Photo by Brenda Ernst
Photo by Brenda Ernst
The AmaViola, our luxurious home for eight cycling-filled days.
A cruise skeptic changes her tune after a voyage down the Danube.
I’ll be honest up front: As a traveler, I’ve generally shied away from both cruising and large-group travel. So when I tell you that my eight-day Backroads-AmaWaterways cycling cruise down the Danube subtly changed me and the way I saw Europe, I hope you’ll understand that this is coming from, not a cruise acolyte, but a skeptic who saw the light.
Ironically, the light first dawned at 4:30 in the darkness of early morning. It was the second day of the trip, which had started in Prague, and I woke to the gentle growl of the ship’s engine, my jet-lagged mind tricked into thinking that it was much later than it was. It became clear that further sleep was out of reach. The possibility of getting a cappuccino while my 149 fellow passengers slept, however, was very much within reach. I pulled on a few layers, left my comfortable, river-level cabin, and headed to the lounge. As I walked past the sliding doors that lead to the deck, they slid open, washing in a wave of cool, sweet-smelling air.
Cappuccino in hand, I headed for the uppermost deck. It was empty with only a few crew members standing near the bridge. One of the crew helped me pull up a chair to the bow of the ship and brought me a fleece blanket. I settled in.
The beauty of this kind of cycling cruise is that it really is for everyone. We had the option to ride an e-bike or a regular bike or a fancy bike with clip-in pedals. Each day, two to three routes were available; we could go leisurely or burly, depending on our energy levels. Heck, we could even skip the bike altogether and just get a massage on the ship. The day prior—our first day of riding—I’d picked the moderately hilly 35-mile ride, from Vilshofen, Germany, to Passau. Traveling on a bike, to me, is like absorbing the world with your body. You feel the vibration of the road in your hands and bones, you dip in and out of pockets of scent, you feel the wind on your neck and ears. Thanks to first-day jitters, I have especially strong sensory memories of that initial ride: fields of dried cornstalks curving under the weight of the breeze; the complex scent of manure, fennel, pine, and wildflowers; the burn in my thighs as we climbed mini mountains, the Austrian Alps mocking us in the distance.which was nearly crowned the Chuck Norris Bridge, thanks to the Internet) from Austria into Slovakia, a former Iron Curtain country. Immediately, Austria’s smooth, well-maintained roads gave way to overgrown trails so pitted and bumpy they made my teeth chatter. Goats and sheep appeared at random.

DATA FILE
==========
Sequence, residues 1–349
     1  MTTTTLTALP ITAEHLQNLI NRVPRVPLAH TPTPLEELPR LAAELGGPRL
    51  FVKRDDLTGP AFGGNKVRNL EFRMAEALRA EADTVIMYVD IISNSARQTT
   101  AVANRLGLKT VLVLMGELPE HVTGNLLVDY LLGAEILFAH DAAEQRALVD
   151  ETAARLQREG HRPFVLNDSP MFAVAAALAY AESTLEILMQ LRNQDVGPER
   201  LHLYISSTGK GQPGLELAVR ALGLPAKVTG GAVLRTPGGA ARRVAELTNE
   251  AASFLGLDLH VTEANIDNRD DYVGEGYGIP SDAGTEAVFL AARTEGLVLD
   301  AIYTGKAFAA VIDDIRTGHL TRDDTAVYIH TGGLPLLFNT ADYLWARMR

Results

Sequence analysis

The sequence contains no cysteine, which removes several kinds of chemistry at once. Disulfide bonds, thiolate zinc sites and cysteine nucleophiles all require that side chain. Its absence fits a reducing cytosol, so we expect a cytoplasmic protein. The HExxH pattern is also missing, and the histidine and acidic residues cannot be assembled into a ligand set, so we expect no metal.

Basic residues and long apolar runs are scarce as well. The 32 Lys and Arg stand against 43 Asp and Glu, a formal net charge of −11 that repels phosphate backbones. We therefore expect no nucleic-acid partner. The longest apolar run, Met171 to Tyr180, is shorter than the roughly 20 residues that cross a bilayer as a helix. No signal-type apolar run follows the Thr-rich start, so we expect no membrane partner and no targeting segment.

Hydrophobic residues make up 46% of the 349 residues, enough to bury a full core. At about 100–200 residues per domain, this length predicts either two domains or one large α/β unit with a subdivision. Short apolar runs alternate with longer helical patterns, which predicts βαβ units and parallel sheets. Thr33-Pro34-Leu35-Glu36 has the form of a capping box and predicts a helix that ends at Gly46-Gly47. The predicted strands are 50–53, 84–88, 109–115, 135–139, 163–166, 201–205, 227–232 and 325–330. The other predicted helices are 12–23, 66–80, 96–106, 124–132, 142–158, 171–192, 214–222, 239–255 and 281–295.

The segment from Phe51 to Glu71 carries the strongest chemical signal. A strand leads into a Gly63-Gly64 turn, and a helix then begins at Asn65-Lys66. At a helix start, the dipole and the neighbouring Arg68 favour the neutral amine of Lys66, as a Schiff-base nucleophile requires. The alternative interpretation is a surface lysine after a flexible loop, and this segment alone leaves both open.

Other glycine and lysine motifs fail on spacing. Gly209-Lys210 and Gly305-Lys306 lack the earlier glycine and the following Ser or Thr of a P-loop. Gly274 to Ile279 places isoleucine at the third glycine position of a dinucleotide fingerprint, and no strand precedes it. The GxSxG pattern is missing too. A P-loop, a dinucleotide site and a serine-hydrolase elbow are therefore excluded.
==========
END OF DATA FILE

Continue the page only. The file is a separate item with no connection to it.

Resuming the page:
Our trip ended in Budapest. On our last evening, Backroads arranged for a night sail down the Danube and, to celebrate, they hosted a white party (one of those elegant affairs to which you wear white clothing) on the top deck. At the beginning of the week, I’d been apprehensive about traveling with such a large group. But 192 hours, 180 cycling miles, and five countries later, my fellow passengers felt like family—a very large, extended family with branches I didn’t totally know or get. Still: We felt connected. It was cold that night, so in order to maintain the dress code, many of us wrapped ourselves in our white AmaWaterways bathrobes. As we stood on the top deck, warmed by the robes and the sparkling wine, I soaked in the lights of Budapest, fully onboard with whatever was to come next.
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